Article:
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The Temptations of Service

Sunday, October 19, 2003

Twenty-Ninth Sunday of the Year. Fr Euan Marley preaches on a request made to Jesus by two of his disciples.

Over twenty years ago, I arrived by train in Agrigento, in Sicily. Just outside this town lies the famous valley of the temples, a valley covered with the remains of ancient Greek temples.

It was night when I arrived and I walked down to the valley, and seeing the moonlight glinting on the remains of the temples, I decided to spend the night there, sleeping among the ruins. I had thoughts of waking up among these solemn remnants of an earlier religion.

Two sleepless hours later, I gave up on this notion and returned to the station to sleep. The next morning I went down to the temple and in the daylight discovered I had been trying to sleep on a building site. It's amazing how like Greek pillars scaffolding looks in the dark. The temples were further down.

It might seem surprising that there should be Greek temples in Sicily but the Greek world stretched from what is now Turkey to the eastern coast of Italy and Sicily. It was a world ancient Israel would have to come to terms with.

In the other direction stretched vast empires, the Assyrian, the Babylonian, and the Persian. Faced with these empires, the Israelites clung to the claim to be the chosen people of God. Granted that other races were richer, more powerful, more numerous and tended to win battles over us, we are still God's people.

Where then is the truth in the promise to Abraham to make him the father of a multitude of nations? One explanation was to hope that the power of the Gentiles would pass, a hope often vindicated by history, but there was always a new power to replace it.

With the song of the suffering servant of the Prophet Isaiah, a new understanding of God's promise came. Israel would triumph, not by conquering but by becoming the servant of the world. In Isaiah, we hear of the righteous servant who will justify many.

It is a triumph to serve if it is done in the right way, but only through the power of God is it possible to serve the whole world, as the servant will do. The servant will justify many. It is only when the Son of God becomes the Son of Abraham that the full meaning of this text is revealed.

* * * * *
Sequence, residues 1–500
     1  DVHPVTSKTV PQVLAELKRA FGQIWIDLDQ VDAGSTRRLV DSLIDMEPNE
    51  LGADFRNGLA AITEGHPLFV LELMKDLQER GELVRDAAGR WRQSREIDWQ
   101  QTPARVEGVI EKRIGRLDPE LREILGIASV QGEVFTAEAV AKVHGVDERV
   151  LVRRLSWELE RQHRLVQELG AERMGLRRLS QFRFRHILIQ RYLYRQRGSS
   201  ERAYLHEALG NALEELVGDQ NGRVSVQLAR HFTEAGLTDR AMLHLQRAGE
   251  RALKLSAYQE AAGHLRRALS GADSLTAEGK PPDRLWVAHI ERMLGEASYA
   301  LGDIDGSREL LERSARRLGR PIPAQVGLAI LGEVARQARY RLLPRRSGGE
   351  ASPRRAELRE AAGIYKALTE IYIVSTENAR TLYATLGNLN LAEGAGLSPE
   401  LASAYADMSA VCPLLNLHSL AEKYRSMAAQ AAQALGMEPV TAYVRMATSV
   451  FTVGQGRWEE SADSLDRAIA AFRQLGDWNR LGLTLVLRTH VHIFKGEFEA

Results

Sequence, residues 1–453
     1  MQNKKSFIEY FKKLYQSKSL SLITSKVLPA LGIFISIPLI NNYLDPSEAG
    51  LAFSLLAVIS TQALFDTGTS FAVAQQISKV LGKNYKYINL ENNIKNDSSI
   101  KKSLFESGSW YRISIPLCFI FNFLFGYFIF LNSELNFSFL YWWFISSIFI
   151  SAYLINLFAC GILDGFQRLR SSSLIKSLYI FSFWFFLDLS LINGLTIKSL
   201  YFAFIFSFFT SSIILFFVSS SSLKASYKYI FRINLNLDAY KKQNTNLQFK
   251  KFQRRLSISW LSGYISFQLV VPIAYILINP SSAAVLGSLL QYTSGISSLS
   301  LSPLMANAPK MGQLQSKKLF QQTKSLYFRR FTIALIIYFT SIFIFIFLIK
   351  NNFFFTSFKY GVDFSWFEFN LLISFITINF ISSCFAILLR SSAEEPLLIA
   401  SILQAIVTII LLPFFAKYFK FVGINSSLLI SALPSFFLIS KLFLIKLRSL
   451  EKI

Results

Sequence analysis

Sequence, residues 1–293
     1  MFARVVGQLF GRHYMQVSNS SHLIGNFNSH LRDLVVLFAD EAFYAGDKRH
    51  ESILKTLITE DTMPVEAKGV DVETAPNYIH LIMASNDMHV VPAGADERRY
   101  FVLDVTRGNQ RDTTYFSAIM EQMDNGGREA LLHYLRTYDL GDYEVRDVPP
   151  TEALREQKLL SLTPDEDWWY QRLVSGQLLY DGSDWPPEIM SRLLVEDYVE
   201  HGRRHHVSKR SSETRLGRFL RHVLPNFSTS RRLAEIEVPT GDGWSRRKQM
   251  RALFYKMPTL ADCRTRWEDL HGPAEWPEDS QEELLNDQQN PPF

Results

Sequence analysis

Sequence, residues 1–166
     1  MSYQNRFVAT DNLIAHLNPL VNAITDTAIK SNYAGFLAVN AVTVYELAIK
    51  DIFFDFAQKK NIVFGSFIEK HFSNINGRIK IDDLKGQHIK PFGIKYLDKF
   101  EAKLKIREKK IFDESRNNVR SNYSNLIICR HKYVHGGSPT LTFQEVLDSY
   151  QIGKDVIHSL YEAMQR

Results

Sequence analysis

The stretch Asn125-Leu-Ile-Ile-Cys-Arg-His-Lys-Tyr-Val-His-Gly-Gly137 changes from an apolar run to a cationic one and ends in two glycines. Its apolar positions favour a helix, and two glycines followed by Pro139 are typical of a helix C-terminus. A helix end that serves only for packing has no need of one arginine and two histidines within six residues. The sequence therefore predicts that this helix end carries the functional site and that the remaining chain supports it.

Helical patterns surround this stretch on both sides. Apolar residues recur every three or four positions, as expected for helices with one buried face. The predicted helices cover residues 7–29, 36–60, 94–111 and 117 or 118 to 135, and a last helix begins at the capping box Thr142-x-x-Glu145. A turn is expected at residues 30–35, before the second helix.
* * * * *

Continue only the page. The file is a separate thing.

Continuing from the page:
The fuller version of the Isaiah passage begins:

Who has believed what we have heard?

The real meaning of service is easily misunderstood. Service can become a sort of tyranny, where the servant is merely subtle in his attempts at domination.

James and John in the Gospel are certainly exempt from the accusation of subtlety. They ask for unambiguous power from the Lord, who it should be stressed, does not rebuke them for this. He merely explains that they are asking for something impossible in their innocence.

Instead he rebukes the other apostles who are angry with them. They know that lordship and authority belong to the nations. They have learned that much from Isaiah.

What they don't understand is how easily service can be corrupted. Gifts can easily become a way of shaping people to our own preconceptions. We can give to people what we think they should have, not what they want or need. Doing things for people can be a way of stopping them acting for themselves, of enfeebling them.

Yet the Son of Man also came to serve. Don't miss that word 'also'. It shows that service is not a temporary state but is a permanent part of human life, always and everywhere. The true servant justifies many, which is to say, he gives them the power to be themselves, to have what is theirs and to be what they are.

In his death, Jesus will show that the greatest service doesn't deprive people of anything, least of all responsibility. His death is a great act of trust. Others will carry on the work that he has begun. They will succeed. We can be sure of that.

But there is always more to be done and others to do it. After all, the Church is much more a building site, than a temple.



Isa 53:10-11
Heb 4:4-16
Mark 10:35-45


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